As We See It

Are Uber cash rides really a problem?

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Jon Estrada

Once again the taxi establishment set out to smear Uber and Lyft, and once again it failed. During MAGIC, Bell Transportation hired an undercover agent to solicit illegal cash rides from Uber and Lyft drivers parked outside the Las Vegas Convention Center, catching two the first night and eight the next. But is this a widespread problem or deceitful spin? Smells like the latter.

If drivers referred the investigator to the app (it’s conveniently unknown how many drivers refused cash), he told them he’d lost his phone and wallet but had cash. In that light, the rides seem compassionate, not corrupt. And though it’s true that off-platform rides disqualify riders from coverage by Uber and Lyft’s insurance, and cheat the companies out of their 20- to 25-percent cuts: 1. Drivers are personally insured, and 2. If the apps lost meaningful revenue from underhanded rides, it seems they—not their competitors—would raise the red flag. And besides, the entire appeal of Uber and Lyft is the ability to request rides and pay within the app. People don’t walk around looking to flag them down.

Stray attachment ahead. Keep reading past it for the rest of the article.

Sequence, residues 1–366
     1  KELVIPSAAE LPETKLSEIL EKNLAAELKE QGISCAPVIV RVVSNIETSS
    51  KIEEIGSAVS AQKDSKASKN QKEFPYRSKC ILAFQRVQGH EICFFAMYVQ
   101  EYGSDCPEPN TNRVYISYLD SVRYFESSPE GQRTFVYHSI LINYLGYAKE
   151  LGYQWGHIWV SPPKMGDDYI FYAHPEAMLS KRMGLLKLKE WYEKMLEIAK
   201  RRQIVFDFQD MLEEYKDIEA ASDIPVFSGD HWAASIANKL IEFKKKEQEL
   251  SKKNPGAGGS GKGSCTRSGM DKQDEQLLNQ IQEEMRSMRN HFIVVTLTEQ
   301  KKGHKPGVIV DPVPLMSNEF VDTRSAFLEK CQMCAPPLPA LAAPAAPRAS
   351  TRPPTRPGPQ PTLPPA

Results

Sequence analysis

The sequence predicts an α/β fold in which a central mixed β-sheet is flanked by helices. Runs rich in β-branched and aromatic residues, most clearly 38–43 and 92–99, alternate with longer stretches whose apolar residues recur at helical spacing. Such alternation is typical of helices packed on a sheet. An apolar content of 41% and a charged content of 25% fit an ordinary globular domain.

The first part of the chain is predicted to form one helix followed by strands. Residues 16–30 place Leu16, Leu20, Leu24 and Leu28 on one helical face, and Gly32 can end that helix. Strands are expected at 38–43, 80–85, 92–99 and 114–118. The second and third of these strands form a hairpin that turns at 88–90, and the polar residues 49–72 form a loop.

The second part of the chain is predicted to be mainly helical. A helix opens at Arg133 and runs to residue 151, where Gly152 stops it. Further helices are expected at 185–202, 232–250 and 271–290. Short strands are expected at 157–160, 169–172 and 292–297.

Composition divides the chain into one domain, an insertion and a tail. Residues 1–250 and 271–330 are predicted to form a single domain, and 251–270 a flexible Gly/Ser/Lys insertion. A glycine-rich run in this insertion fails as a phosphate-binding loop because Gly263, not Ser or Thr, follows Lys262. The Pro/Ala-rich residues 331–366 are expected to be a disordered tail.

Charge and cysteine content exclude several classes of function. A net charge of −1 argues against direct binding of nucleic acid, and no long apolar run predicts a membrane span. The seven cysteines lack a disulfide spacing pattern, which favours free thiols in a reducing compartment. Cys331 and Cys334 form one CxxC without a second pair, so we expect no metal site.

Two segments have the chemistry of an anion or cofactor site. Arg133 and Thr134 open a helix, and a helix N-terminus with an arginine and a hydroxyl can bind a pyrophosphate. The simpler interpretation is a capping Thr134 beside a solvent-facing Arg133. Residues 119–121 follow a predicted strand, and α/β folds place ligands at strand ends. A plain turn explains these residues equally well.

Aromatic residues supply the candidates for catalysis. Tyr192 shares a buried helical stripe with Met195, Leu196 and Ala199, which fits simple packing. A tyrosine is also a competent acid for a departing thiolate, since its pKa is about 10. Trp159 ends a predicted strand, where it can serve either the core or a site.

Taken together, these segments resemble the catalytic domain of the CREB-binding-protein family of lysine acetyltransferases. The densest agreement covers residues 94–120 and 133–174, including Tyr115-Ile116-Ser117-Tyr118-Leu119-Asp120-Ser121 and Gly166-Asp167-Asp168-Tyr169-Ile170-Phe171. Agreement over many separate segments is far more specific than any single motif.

So is this a real problem or an issue invented to shift our attention from Las Vegas cabs, who were found by the Taxicab Authority to overcharge customers $47 million annually? I would say no, and yes.

Tags: Opinion
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